No charges had been filed against Marc Abrams by the time of his death this week. His lawyer said Abrams did nothing wrong.
A Silver Lake physician who was found dead in his hot tub earlier this week was under criminal investigation in connection with his treatment of a 25-year-old patient who overdosed on prescription drugs, according to several law enforcement sources.
Authorities investigating Marc Abrams — well known in Silver Lake for his brisk and shirtless walks around the reservoir — conducted a series of undercover operations in which officers posing as patients were able to obtain powerful prescription drugs based on obviously questionable notes signed with names including "Dr. Kevorkian," "Dr. Pepper" and " Dr. Dre," according to a law enforcement official who requested anonymity because he was not authorized to speak publicly about the case.
Abrams kept nighttime office hours and "catered to nothing but addicts," the official added.
Authorities served a search warrant on Abrams' office in North Hollywood last year, but the affidavit detailing the probable cause for the search was filed under seal. Investigators seized patient files, among other records, according to law enforcement officials.
The case was presented to the district attorney for potential prosecution, one official said, but no charges had been filed against Abrams at the time of his death, which is being investigated as a potential suicide, according to the Los Angeles Police Department.
A lawyer for Abrams said he was "a fine physician with an impeccable record" who had done nothing wrong. The lawyer, Michael A. Zuk, said he had no knowledge of any criminal investigation and had not been contacted by or spoken to any law enforcement agency on Abrams' behalf.
Abrams "was a very popular figure — not some sleazy, shady doctor who was giving away scrips on the corner," Zuk said. "He was a beloved figure in the community."
The investigation began in the wake of the October 2008 death of a patient named Joseph Garcia, who died of an overdose of the painkiller Oxycontin, sometimes referred to as synthetic heroin. Other drugs also were found in his system. There is a thriving black market for such drugs, particularly among young adults, according to law enforcement officials.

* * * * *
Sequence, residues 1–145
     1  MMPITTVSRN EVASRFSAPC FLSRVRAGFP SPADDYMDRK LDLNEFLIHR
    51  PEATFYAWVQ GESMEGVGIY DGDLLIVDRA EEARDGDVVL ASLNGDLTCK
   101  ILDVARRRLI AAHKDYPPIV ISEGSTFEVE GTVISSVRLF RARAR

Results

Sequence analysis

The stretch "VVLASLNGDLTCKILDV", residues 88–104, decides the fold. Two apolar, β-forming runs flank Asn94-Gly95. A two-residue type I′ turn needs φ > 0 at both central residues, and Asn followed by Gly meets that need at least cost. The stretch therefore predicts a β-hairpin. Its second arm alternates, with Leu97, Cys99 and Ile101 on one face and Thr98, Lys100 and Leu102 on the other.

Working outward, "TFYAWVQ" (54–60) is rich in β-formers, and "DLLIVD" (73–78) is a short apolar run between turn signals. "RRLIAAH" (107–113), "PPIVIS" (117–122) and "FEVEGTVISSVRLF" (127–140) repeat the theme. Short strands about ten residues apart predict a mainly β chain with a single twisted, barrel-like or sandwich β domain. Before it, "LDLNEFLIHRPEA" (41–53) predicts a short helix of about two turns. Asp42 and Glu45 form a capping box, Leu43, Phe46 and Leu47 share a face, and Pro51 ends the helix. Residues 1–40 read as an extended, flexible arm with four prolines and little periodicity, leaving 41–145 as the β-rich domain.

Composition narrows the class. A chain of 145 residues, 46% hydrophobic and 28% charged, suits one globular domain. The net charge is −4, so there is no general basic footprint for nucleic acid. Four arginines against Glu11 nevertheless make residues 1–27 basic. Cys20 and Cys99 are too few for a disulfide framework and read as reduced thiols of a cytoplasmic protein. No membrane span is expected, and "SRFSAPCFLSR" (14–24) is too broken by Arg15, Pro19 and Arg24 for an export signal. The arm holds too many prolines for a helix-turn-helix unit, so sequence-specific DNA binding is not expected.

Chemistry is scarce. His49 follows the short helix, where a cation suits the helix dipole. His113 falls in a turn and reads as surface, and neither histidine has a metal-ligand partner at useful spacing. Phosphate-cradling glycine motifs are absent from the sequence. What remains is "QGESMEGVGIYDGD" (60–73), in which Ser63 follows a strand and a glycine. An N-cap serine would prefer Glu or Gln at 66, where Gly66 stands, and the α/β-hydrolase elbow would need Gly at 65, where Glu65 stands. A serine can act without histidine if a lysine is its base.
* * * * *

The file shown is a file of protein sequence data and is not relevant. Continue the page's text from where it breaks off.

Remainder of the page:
Garcia's mother, Lori, filed a wrongful death claim against the doctor last year, alleging that he was professionally negligent in prescribing drugs that resulted in the overdose. Garcia could not be reached for comment, but her lawyer, Robert Gibson, said law enforcement officials from "multiple" agencies had contacted her about the criminal investigation surrounding her son's death.
A friend of Garcia's told authorities that Abrams had freely prescribed drugs to people, requiring only that they provide some ostensible reason for needing them, such as a note from another physician, according to the law enforcement official who spoke on the condition of anonymity. He said the investigation confirmed the friend's account.
"You'd spend 30 seconds with the doctor," the official said. "This guy never conducted a medical exam. It was just blatant."
Zuk defended his client as a physician who followed appropriate medical treatment guidelines generally and in the Garcia case.
"There was no inappropriate prescription given for either the quantity or the frequency" of the medications, Zuk said. "It was per guidelines for medical pain management, which is what he was being treated for."
At the time of his death on Oct. 22, 2008, Garcia was living with his mother in Moorpark. He had been released from a work furlough program five days earlier after serving time for possession for sale of Oxycontin.
The coroner's office ruled his death an accidental overdose.
A friend told investigators that he spoke to Garcia by telephone about 11:30 the night before his death and that his speech was very slurred, the coroner's report said. The friend said that Garcia told him he had seen Abrams earlier that evening and had received a prescription for Oxycontin, the report said.
Abrams confirmed to the coroner's investigator that he had seen Garcia about 7 p.m. the night before his death, the report said. He said Garcia had a history of back pain from an injury.
Abrams told the investigator that he had given Garcia prescriptions for Roxicodone, a version of oxycodone, and Soma, a muscle relaxant, the evening before he died, the report said.
Abrams told the coroner's investigator that Garcia had never shown signs of medication abuse, the report said.
Zuk said he would expect the suit to proceed against Abrams' estate. But, he said, it was unfounded.
"I am not going to say bad things about a grieving mother," Zuk said. "It's hard to lose your son. Some people have a hard time accepting what realities are.... But I think it's misplaced trying to blame Dr. Abrams."
Zuk said he last spoke to Abrams several weeks ago and believed he was in good health.
"I was shocked to hear the news," he said.
City Councilman Tom LaBonge, who represents the district where Abrams lived, said he was shocked and saddened by both his death and the allegations emerging in the wake of it.
"It's an absolute shock," said LaBonge, who would routinely greet Abrams during his walks. "I'm very sad for the loss and for his troubles."
Abrams' widow, Cindy, did not reply to a request for comment.
By Scott Glover and Lisa Girion,
Los Angeles Times
July 24, 2010